Sony shuts up shop in Beijing, shifts smartphone production to Thailand

The move is a cost-cutting exercise to boost the firm’s smartphone business.

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Sony intends to close its smartphone production plant in Beijing within the next few days and shift to Thailand in a bid to shore up the ailing business unit.

A company spokesperson told Reuters that Sony hopes to turn the business around and make it profitable by 2020, and as such, moving the production facility will help reduce operational costs.

The Sony representative added that the closure is not related to the current trade tensions between the United States and China, of which the two economic giants have been waging a sanction and tariff war that has been watched with dread by investors and those involved in the stock market.

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Sony's smartphone unit has continually experienced losses, quarter over quarter. In Q3 2018, the tech giant's mobile communications division lost $141.6 million, and despite the firm's best efforts, competition is fierce and Sony doesn't have a strong presence in the mobile arena.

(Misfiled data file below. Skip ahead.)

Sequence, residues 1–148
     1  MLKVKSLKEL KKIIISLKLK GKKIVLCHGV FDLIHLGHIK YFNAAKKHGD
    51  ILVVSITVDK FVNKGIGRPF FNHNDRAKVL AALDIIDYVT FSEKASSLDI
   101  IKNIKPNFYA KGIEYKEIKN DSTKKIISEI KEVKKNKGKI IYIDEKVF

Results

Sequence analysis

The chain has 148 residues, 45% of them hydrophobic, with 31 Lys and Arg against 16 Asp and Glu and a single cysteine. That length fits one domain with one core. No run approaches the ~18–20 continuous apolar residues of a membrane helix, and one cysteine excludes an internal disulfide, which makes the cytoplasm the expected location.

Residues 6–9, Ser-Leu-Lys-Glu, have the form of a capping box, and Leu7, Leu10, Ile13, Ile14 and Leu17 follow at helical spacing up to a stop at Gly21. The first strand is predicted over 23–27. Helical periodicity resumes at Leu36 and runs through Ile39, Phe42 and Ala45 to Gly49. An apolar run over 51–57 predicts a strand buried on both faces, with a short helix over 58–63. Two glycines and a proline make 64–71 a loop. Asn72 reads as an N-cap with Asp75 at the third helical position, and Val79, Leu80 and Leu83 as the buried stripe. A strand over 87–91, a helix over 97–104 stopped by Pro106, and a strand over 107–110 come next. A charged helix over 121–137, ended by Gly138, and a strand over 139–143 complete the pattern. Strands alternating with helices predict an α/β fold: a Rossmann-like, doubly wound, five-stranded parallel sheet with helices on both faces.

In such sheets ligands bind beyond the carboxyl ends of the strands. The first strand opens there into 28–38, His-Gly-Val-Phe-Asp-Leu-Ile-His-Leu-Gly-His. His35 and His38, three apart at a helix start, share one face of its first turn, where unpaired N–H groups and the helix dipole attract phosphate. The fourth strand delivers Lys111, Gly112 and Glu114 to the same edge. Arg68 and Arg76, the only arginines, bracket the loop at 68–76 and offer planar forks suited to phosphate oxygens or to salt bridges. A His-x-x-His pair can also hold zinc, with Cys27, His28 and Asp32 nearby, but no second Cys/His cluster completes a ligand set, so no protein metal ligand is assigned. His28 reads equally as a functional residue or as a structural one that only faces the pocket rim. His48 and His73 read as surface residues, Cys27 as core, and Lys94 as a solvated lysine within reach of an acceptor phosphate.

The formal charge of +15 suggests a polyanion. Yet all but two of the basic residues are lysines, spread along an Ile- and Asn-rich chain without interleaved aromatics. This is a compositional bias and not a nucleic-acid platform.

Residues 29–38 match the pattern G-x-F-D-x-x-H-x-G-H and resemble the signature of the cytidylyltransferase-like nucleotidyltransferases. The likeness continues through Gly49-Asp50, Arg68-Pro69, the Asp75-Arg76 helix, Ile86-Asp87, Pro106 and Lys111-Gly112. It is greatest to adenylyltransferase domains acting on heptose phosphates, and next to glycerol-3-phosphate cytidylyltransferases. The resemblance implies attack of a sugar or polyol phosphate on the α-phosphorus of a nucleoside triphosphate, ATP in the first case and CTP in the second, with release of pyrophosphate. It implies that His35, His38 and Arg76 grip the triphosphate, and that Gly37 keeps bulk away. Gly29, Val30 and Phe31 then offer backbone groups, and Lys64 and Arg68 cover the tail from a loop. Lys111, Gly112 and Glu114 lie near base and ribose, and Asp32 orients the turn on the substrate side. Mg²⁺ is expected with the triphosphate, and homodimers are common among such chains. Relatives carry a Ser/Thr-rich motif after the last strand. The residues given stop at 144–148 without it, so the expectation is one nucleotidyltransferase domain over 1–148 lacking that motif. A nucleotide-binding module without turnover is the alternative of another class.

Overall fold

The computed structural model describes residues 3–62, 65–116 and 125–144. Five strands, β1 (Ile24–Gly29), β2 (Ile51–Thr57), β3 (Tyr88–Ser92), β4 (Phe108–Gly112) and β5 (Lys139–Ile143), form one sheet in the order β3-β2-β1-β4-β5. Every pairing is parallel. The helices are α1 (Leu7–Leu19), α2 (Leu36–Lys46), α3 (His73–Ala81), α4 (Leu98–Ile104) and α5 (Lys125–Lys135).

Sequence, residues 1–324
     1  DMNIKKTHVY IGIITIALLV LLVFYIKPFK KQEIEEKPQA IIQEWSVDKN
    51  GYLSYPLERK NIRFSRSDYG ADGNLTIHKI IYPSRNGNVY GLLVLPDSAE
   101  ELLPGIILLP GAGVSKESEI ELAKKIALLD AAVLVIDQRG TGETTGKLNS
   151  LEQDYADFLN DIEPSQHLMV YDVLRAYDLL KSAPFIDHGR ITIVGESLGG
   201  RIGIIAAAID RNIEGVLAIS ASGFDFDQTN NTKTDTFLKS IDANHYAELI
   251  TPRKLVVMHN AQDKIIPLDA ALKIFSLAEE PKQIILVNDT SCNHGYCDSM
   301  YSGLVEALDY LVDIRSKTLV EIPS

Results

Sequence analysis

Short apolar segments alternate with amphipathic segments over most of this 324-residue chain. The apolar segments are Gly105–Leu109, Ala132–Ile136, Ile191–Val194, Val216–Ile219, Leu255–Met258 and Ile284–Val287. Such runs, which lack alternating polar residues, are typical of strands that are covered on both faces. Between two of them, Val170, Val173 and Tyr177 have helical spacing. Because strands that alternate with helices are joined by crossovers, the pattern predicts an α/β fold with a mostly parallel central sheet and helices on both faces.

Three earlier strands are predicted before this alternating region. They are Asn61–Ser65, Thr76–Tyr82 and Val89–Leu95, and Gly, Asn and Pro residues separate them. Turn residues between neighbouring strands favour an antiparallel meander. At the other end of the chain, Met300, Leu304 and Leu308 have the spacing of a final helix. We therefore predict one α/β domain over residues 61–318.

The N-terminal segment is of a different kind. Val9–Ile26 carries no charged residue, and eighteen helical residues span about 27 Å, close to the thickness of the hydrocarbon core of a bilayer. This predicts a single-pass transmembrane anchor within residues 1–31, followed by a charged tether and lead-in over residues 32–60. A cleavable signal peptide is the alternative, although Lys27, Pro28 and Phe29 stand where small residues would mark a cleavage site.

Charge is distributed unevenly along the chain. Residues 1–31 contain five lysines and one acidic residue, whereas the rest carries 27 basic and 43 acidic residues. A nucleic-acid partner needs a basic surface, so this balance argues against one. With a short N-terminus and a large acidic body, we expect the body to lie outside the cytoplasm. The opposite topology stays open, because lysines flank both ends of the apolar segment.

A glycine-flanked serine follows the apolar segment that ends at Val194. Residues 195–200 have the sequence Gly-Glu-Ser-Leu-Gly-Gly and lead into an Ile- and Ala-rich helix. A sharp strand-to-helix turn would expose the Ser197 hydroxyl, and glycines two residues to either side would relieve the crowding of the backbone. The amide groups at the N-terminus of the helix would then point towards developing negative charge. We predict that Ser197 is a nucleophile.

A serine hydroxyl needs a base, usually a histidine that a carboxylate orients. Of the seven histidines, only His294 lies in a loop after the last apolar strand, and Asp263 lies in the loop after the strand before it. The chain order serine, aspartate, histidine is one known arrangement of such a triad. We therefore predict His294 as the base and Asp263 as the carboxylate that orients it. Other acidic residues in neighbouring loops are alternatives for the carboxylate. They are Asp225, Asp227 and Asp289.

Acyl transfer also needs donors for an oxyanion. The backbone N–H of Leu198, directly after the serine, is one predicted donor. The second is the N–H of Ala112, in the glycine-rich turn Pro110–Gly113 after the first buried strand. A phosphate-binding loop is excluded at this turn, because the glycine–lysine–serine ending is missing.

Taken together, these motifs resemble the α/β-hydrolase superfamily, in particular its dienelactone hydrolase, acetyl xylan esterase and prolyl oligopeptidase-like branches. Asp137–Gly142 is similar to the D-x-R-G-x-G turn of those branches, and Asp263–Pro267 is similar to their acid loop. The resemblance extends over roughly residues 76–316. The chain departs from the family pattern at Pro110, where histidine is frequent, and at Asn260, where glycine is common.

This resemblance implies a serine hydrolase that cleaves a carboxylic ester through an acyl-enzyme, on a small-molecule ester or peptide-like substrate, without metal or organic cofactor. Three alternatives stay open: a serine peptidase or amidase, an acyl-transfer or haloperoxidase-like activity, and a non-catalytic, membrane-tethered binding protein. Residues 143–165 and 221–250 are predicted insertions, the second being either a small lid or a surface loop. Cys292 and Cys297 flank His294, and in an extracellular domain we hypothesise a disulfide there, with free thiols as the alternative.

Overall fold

This does not mean, however, that Sony is planning to throw in the towel. By shifting the production facility, the company hopes to shore up the unit and hold out until the arrival of 5G, in which Sony believes there may be a future for the company's handsets and mobile technology.

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Earlier this year, the Japanese tech giant revealed plans to go on a hiring spree for engineers suitable for image sensor research & development in the Internet of Things (IoT) and smart automotive space.

In total, 40 percent of Sony's new hires over 2019 and 2020 will focus on these areas, which may also benefit from fifth-generation wireless technologies. Sony also plans to invest $5.3 billion into image sensor production over the next three years to give itself a stronger position in the automotive, IoT, and connectivity industries.

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In related news, on Thursday, Sony revealed that Kazuo Hirai, a long-term member of the board and Sony Chairman, is set to retire. Hiari has been with Sony for the past 35 years and after taking on the position of CEO in 2012 and swinging the firm back into profitability, the executive handed over the reins to Kenichiro Yoshida last year.

"Since passing the baton of CEO to Yoshida-san last April, as Chairman of Sony, I have had the opportunity to both ensure a smooth transition and provide support to Sony's management," Hirai said. "I am confident that everyone at Sony is fully aligned under Yoshida-san's strong leadership, and are ready to build an even brighter future for Sony."

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